23 October. In his first meeting with Sukarno and Hatta, held in defiance of his government, Van Mook explores the possibilities of a compromise. However, he is hampered by his suspicions of British motives and the intransigence of his political masters; the Dutch government decrees that the meeting never took place. Changing tack, Van Mook then persuades the British to inform the Republican leadership they are bound to respect Dutch sovereignty, a move that dampens Republican enthusiasm for negotiations.
25 October. Commanded by Brig.-Gen. A.W.S. Mallaby, Indian troops arrive in Surabaya to escort internees to safety. Their job is hampered because the internees are camped on the far side of the city. The same day, British forces enter Palembang as part of the operation to repatriate thousands of Allied POWs and civilian internees from Sumatra. This is achieved over the next few weeks with far less trouble than on Java where, within days of the British arrival, an initially cordial welcome turns hostile largely due to British blunders.
7 November. The Islamic political party Masjumi is founded at a conference in Yogyakarta. Most delegates are from Java, but the aim is a unitary Islamic party for the whole country. The event is significant because of Masjumi’s popularity in the coming decade and a half and because of strong Muslim support for the independence movement that it represents. Five days later, the first congress is held of the Socialist Party (Parsi) under Amir Sjarifuddin, which had already been founded on the 1st. Other political parties are also quickly formed.
30 October. When news of the situation in Surabaya is received, fighting breaks out in Semarang and quickly spreads to Magelang, where only British air attacks save the beleaguered Gurkha force. Again, Sukarno is asked to intervene. Next day he makes a radio appeal for all fighting against the British to cease; the Republic cannot withstand the power of all the Allies. On the 1st he flies to Semarang, then proceeds to Yogyakarta via Magelang after failing to arrange a truce. An agreement made next day lasts until the 10th when news arrives from Surabaya of fierce fighting there.
3 November. Vice President Hatta issues a decree allowing the formation of political parties, a natural consequence of the move towards a parliamentary system initiated in October. The text states that a range of parties will better represent the desires of different groups in the Indonesian population. The decree comes after several groups have already called meetings to establish parties.
9 November. During a week of relative quiet in Surabaya following Sukarno’s peace broadcast, up to 8,000 internees are successfully evacuated. Once completed, the British seek revenge for Mallaby’s killing. All women and children are warned to leave the city by evening and an impossible ultimatum in leaflets dropped from the air demands all arms are handed in by dawn and Mallaby’s killers handed over. With the Republican government dithering, the local authorities reject the ultimatum.
12 November. Despite the creation of a formal army, the TKR, on 5 October, defence of the new Indonesian Republic is still highly decentralized. Local commanders are negotiating with Japanese forces and assessing local vulnerabilities and opportunities without reference to any central authority. Finally, regional commanders meet in Yogyakarta and elect the commander from Banyumas Regency, a former auxiliary commander under the Japanese called Sudirman, choosing him in preference to Oerip Sumohardjo (see p. 138). The election marks a shift in Republican policy towards more forceful military resistance, as Sudirman immediately orders an assault on British and Dutch forces in Ambarawa that leads to their withdrawal.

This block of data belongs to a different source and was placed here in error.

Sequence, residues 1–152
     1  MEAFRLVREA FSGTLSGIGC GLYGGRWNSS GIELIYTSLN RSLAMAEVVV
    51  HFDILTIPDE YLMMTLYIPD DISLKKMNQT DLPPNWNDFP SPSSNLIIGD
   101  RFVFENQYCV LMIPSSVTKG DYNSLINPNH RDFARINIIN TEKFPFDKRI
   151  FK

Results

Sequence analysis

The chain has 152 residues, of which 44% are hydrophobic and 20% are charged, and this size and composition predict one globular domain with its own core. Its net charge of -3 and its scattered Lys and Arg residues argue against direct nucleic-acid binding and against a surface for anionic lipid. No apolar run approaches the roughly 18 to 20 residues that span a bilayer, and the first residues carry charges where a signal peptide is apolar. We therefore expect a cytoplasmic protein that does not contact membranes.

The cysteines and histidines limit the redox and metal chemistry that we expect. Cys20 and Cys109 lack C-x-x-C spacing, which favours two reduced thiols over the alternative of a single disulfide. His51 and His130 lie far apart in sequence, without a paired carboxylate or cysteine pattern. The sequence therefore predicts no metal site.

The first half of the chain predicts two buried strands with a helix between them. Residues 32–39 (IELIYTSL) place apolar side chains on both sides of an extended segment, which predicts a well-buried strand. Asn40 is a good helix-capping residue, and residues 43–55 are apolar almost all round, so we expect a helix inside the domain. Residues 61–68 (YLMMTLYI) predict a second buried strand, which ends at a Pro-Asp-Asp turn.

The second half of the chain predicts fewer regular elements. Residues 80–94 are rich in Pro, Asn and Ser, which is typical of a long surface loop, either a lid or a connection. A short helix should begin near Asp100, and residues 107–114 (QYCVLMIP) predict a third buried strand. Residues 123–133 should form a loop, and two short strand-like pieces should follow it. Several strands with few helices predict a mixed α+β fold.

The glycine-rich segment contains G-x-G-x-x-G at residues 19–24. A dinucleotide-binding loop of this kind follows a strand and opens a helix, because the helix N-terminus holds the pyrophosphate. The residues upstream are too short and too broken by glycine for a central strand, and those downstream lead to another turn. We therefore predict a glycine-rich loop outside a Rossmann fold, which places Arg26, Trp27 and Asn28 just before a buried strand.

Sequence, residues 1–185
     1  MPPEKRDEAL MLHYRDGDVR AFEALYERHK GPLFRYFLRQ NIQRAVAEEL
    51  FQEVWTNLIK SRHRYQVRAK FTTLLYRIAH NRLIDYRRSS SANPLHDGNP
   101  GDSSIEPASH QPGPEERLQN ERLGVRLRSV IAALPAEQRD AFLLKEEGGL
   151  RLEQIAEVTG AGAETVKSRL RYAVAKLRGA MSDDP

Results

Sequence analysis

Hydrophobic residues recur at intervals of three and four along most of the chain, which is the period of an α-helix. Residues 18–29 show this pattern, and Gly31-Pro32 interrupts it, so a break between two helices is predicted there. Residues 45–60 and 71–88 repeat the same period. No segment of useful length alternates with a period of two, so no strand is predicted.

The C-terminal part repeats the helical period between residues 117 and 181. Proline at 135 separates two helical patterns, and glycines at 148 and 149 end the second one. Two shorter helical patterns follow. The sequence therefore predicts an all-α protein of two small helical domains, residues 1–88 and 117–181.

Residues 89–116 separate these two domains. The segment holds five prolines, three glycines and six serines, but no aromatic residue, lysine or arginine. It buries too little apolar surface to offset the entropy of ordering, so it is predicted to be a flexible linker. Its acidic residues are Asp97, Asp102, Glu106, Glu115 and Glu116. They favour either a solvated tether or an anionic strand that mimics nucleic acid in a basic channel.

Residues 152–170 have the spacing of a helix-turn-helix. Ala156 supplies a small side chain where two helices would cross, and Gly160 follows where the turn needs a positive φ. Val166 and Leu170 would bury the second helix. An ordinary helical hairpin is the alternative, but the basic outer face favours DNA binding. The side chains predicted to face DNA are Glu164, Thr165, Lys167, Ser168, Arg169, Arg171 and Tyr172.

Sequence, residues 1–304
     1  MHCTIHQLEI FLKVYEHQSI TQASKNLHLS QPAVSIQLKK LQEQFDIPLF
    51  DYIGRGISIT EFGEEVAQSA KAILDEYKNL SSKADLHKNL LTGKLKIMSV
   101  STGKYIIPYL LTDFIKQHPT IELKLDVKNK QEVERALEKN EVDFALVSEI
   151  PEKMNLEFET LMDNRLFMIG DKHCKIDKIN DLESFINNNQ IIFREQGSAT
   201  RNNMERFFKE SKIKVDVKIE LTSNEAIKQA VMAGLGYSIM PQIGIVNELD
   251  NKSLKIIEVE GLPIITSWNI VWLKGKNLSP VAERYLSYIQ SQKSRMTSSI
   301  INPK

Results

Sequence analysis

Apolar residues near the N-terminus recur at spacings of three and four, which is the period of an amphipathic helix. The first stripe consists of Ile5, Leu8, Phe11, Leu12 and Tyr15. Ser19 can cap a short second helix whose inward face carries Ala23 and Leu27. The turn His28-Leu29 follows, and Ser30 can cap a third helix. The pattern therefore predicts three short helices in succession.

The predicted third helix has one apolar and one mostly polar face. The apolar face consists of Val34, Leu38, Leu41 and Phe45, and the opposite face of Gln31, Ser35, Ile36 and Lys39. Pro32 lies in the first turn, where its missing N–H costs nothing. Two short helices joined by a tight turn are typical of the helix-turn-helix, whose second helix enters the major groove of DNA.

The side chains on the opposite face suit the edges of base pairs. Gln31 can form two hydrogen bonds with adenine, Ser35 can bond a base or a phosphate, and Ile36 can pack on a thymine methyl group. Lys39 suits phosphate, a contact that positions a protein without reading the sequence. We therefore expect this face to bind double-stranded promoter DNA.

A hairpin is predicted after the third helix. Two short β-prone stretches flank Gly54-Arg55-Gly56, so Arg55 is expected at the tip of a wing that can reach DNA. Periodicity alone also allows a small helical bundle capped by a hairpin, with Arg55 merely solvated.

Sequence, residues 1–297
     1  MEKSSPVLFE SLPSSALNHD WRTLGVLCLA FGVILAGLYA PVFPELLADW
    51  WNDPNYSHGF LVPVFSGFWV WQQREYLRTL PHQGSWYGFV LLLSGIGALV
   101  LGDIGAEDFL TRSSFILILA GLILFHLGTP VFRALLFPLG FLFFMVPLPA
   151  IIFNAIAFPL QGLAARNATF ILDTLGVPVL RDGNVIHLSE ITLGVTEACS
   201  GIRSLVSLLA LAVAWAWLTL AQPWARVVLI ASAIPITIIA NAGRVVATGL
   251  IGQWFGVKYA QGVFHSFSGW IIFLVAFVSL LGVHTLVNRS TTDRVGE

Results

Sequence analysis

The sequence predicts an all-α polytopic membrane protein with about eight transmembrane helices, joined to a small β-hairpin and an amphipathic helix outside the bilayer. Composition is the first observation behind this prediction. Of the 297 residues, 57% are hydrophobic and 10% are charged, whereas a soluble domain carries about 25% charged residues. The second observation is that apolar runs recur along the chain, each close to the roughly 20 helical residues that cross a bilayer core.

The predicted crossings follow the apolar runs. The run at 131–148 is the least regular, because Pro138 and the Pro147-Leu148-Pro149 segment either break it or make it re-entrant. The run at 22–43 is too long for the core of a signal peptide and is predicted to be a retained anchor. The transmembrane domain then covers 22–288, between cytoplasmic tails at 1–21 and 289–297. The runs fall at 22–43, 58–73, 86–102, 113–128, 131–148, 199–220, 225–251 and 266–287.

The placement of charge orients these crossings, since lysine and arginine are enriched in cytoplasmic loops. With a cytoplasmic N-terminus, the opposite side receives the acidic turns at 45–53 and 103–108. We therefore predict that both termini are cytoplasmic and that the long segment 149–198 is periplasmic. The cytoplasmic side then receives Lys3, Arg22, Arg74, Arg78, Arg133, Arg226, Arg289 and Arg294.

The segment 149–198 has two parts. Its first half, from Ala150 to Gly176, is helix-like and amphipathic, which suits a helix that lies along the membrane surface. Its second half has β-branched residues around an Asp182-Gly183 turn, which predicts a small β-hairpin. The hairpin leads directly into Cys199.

On 13 November 1945, 100 tumultuous days had passed since the dropping of the atomic bomb at Hiroshima. One thousand days later, on 9 August 1948, the forces that had been set in train by Japan’s defeat and surrender continued to shape the face of Asia.
In August 1948, the Indonesian national revolution was in dire straits. For nearly two years after the independence declaration, the new state had been in control of much of the most populous islands of Java and Sumatra. In late 1946, on the eve of the departure of British forces, Republican leaders had reached an agreement with the Netherlands to accept a federation with … (to continue reading Cribb and Li’s aftermath, click the link below)
23 October. Under Chinese pressure to allow a greater non-communist presence in his government, Ho Chi Minh signs an accord between the Viet Minh and Vietnamese Revolutionary Alliance (Dong Minh Hoi). In the next two months, three more accords are made with the DMH or Vietnam Nationalist Party (VNQDD), that on 23 December with both parties being the most important. These accords break down after the nationalists launch recruitment drives and both sides vilify each other in the press and their own propaganda.
28 October. Following British seizure of key installations in the city and an ultimatum that local forces disarm, about 120,000 pemuda attack the 4,000 well-armed but scattered Indian sepoys as well as the convoys of internees they are escorting. After an urgent British appeal, Sukarno arrives in the city early in the morning and calms the situation. After negotiations seem to have succeeded, he leaves again. Next day, scattered fighting resumes during which General Mallaby is killed. His death changes British sentiment firmly in favour of the Dutch.
10 November. With local leaders rejecting the previous day’s British ultimatum, British forces attack early next morning, their troops backed by tanks and by aerial and naval bombardment. Three weeks of savage fighting pass before the city falls. Though a crushing military defeat for Republican forces, it is a strategic and political victory as the British realize they are unable to repeat such feats across the entire country.